Four hundred years after Shakespeare's death, it is difficult to imagine a time when he was not considered a genius. But those 400 years have seen his plays banished and bowdlerized, faked and forged, traded and translated, re-mixed and re-cast. Shakespeare's story is not one of a steady rise to fame; it is a tale of set-backs and sea-changes that have made him the cultural icon he is today. This revealing new book accompanies an innovative exhibition at the British Library that will take readers on a journey through more than 400 years of performance. It will focus on ten moments in history that have changed the way we see Shakespeare, from the very first production of Hamlet to a digital-age deconstruction. Each performance holds up a mirror to the era in which it was performed. The first stage appearance by a woman in 1660 and a black actor playing Othello in 1825 were landmarks for society as well as for Shakespeare's reputation. The book will also explore productions as diverse as Peter Brook's legendary A Midsummer Night's Dream, Mark Rylance's 'Original Practices' Twelfth Night, and a Shakespeare forgery staged at Drury Lane in 1796, among many others.Over 100 illustrations include the only surviving playscript in Shakespeare's hand, an authentic Shakespeare signature, and rare printed editions including the First Folio.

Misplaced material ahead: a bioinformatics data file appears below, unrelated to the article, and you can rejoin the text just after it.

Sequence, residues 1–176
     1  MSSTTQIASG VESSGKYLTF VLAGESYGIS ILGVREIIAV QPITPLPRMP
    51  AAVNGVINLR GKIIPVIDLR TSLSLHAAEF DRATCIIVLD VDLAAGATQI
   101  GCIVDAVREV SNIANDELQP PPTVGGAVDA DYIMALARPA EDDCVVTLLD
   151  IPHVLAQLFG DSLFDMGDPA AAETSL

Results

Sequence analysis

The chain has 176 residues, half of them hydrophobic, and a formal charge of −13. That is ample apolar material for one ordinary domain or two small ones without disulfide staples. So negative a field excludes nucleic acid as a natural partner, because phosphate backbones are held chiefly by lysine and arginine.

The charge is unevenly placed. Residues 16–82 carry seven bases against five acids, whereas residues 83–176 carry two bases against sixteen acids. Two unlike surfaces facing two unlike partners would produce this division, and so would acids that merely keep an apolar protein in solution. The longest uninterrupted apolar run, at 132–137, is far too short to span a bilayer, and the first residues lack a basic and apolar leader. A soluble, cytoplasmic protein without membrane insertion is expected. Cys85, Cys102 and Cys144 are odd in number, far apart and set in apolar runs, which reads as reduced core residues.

These - and other treasures from the British Library's manuscript and rare book collections - will feature alongside film stills, costumes, paintings and production photographs.In this book ten leading experts take a fresh look at Shakespeare, reminding us that the playwright's iconic status has been constructed over the centuries in a process that continues across the world today.